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Great 6 Rome and Venice early did impart
To thee th' examples of their wondrous art.
Those mafters then, but seen, not understood,
With generous emulation fir'd thy 'blood :
For what in nature's dawn the child admir'd,
The youth endeavour'd, and the man acquir’d.
If yet thou hast not reach'd their high degree,
'Tis only wanting to this age, not thee.
Thy genius, bounded by the times, like mine,
Drudges on petty draughts, nor dare design
A more exalted work, and more divine.
For what a song, or senseless opera
Is to the living labour of a play;
Or what a play to Virgil's work would be,
Such is a single piece to history.
But we, who life bestow, ourselves must live:
Kings cannot reign, unless their subjects give ;
And they, who pay the taxes, bear the rule:
Thus thou, sometimes, art forc'd to draw a fool:
But to his follies in thy posture sink,
The senseleis idiot seems at last to think.
Good heaven! that sots and knaves should be so vain,
To wish their vile resemblance may remain!
And stand recorded, at their own request,
To future days, a libel or a jest!
Else should we see your noble pencil trace
Our unities of action, time, and place:
A whole compos'd of parts, and those the best,
With every various character expreft:
Heroes at large, and at a nearer view;
Less, and at distance, an ignobler crew.
With all the figures in one action join,
As tending to complete the main design.
More cannot be by mortal art expreít ;
But venerable age shall add the rest.
6 rie travelled yery young into Italy.
For time shall with his ready pencil stand;
Retouch your figures with his ripening hand;
Mellow your colours, and imbrown the teint;
Add every grace, which time alone can grant;
And give more beauties than he takes away.
HOU common fhore of this poetic town,
Where all the excrements of wit are thrown,
For fonnet, satire, bawdry, blasphemy,
Are emptied, and disburden'd all in thee:
The choleric wight untrufling all in rage
Finds thee, and lays his load upon thy page :
Thou Julian, or thou wise Vespasian rather,
Doft from this dung thy well pickt guineas gather,
All mischief's thine, transcribing thou wilt stoop,
From lofty Middlesex to lowly Scroop.
What times are these, when in the hero's room,
Bow-bending Cupid doth with ballads come,
And little Alton offers to the bum?
Can two such pigmies such a weight support,
Two fuch Tom-Thumbs of satire in a court?
Poor George grows old, his muse worn out of fashion,
Hoarfly he sung Ephelia's lamentation.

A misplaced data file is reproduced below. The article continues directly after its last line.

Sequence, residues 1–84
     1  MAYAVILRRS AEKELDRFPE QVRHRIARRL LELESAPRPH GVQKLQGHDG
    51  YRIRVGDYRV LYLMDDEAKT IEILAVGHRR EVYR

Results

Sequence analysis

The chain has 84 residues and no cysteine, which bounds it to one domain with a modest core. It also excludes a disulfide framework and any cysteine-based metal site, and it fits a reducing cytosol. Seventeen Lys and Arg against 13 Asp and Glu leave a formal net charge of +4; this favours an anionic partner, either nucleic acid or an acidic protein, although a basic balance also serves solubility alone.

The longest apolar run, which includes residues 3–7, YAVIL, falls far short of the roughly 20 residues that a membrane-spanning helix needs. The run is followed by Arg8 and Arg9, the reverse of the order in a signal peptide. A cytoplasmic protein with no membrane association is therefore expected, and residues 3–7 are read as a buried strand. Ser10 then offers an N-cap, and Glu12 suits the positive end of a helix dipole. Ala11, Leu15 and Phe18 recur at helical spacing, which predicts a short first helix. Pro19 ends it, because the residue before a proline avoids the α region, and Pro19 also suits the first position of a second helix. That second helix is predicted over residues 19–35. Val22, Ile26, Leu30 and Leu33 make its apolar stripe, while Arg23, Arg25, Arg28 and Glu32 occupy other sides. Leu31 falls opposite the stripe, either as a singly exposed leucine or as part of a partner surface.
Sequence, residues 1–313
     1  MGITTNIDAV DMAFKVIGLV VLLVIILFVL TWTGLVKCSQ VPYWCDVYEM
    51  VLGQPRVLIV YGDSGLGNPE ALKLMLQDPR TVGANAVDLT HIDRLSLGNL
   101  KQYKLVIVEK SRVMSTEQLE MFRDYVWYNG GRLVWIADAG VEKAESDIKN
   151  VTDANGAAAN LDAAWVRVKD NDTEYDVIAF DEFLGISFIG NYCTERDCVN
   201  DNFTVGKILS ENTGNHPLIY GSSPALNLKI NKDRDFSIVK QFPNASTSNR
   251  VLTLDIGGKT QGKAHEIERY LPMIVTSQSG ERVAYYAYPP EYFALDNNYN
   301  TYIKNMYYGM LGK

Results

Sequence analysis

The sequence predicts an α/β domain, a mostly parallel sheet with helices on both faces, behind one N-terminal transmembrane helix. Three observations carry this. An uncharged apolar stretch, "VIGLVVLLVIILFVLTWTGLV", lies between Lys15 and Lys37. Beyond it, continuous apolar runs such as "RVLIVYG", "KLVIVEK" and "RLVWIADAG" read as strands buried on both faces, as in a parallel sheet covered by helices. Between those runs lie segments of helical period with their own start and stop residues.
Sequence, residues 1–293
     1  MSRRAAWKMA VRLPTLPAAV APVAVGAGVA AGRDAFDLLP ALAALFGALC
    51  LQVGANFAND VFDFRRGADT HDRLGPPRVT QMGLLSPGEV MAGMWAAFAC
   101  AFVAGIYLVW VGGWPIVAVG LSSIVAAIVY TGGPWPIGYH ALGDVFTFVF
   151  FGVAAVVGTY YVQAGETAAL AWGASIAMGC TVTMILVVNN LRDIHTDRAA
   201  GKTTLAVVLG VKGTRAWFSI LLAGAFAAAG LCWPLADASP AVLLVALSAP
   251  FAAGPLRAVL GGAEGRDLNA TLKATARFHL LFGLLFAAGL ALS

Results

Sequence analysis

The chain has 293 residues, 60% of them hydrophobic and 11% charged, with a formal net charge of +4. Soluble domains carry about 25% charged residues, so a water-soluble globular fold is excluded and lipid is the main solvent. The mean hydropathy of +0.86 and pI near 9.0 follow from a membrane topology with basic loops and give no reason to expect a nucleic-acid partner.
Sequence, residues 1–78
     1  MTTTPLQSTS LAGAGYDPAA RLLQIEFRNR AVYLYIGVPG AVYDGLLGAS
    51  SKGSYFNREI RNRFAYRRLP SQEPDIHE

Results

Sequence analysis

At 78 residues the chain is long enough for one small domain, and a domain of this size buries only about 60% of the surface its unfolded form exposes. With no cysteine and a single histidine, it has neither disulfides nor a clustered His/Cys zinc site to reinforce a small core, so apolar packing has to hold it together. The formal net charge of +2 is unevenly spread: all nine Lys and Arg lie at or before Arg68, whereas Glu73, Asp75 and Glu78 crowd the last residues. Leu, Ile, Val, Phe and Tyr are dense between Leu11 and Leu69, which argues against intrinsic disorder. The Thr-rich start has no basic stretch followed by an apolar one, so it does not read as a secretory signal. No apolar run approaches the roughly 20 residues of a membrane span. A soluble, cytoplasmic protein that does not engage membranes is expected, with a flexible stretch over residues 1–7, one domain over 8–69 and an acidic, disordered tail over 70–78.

Less art thou help'd hy Dryden's bed-rid age,
That drone has lost his sting upon the stage:
Resolve me, poor apoftate, this my doubt,
What hope haft thou to rub this winter out?
Know, and be thankful then, for Providence
By me hath sent thee this intelligence.
A knight there is, if thou can'ít gain his grace,
Known by the name of the hard-favour'd face,
For prowess of the pen renown'd is he,
From Don Quixote descended lineally.
And tho' like him unfortunate he prove,
Undaunted in attempts of wit and love.
Of his unfinish'd face, what shall I say?
But that 'twas made of Adam's own red clay,
That much much oaker was on it bestow'd,
God's image 'tis not, but some Indian god:
Our christian earth can no resemblance bring
But ware of Portugal for such a thing ;
Such carbuncles his fiery face confess,
As no Hungarian water can redress.
A face which should he see (but heaven was kind,
And to indulge his self, Love made him blind.)
He durft not itir abroad for fear to meet
Curses of teeming women in the treet:
The best could happen from this hideous sight,
Is that they should miscarry with the fright-
Such is our charming Strephon's outward man, * His inward
To his dear self of poetry he talks,
His hands and feet are scanning as he walks ;
His writhing looks his pangs of wit accuse,
The airy symptoms of a breeding mufe,
And all to gain the great
But never pen did pimp for such a face;
There's not a nymph in city, town, or court,
But Strephon's billet-deux has been their Sport.
Still he loves on, yet still he's sure to miss,
As they who wash an Ethiop's face, or his.
What fate unhappy Strephon does attend?
Never to get a mistress, nor a friend.
Strephon alike both wits and fools deteft,
'Cause he's like Esop's batt, half bird half beast;
For fools to poetry have no pretence,
And common wit fupposes common sense,
Not quite so low as fool, nor quite a top,
He hangs between them both, and is a fop,
His morals like his wit are motley too,
He keeps from arrant knave with much ado.
But vanity and lying fo prevail,
That one grain more of each would turn the scale :
He would be more a villain had he time,
But he's so wholly taken up with rhyme,
That he mistakes his talent; all his care
Is to be thought a poet fine and fair.
Small-beer, and gruel, are his meat and drink,
The diet he prescribes himself to think;
Rhyme next his heart he takes at the morn peep,
Some love-epiftles at the hour of fleep;
So betwixt elegy and ode we see
Strephon is in a course of poetry:
This is the man ordain’d to do thee good,
The pelican to feed thee with his blood;
Thy wit, thy poet, nay thy friend, for he
Is fit to be a friend to none but thee.
Make sure of him, and of his muse betimes,
For all his ftudy is hung round with rhimes.
Laugh at him, justle him, yet still he writes,
In rhyme he challenges, in rhyme he fights;
Charg'd with the last, and baseft infamy,
His business is to think what rhymes to lye,
Which found in fury he retorts again,
Strephon's a very dragon at his pen;
His brother murder'd, and his mother's whor'd,
His mistress loit, and yet his pen's his sword,